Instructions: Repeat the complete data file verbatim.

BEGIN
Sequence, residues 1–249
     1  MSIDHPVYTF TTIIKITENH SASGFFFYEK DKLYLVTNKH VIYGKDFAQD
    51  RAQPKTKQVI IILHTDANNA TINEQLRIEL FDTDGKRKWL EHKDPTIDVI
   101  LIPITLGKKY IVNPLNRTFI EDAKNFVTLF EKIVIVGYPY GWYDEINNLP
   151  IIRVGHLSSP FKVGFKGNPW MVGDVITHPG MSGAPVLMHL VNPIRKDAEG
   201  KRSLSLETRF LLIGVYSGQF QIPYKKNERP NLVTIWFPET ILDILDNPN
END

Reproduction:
Sequence, residues 1–249
     1  MSIDHPVYTF TTIIKITENH SASGFFFYEK DKLYLVTNKH VIYGKDFAQD
    51  RAQPKTKQVI IILHTDANNA TINEQLRIEL FDTDGKRKWL EHKDPTIDVI
   101  LIPITLGKKY IVNPLNRTFI EDAKNFVTLF EKIVIVGYPY GWYDEINNLP
   151  IIRVGHLSSP FKVGFKGNPW MVGDVITHPG MSGAPVLMHL VNPIRKDAEG
   201  KRSLSLETRF LLIGVYSGQF QIPYKKNERP NLVTIWFPET ILDILDNPN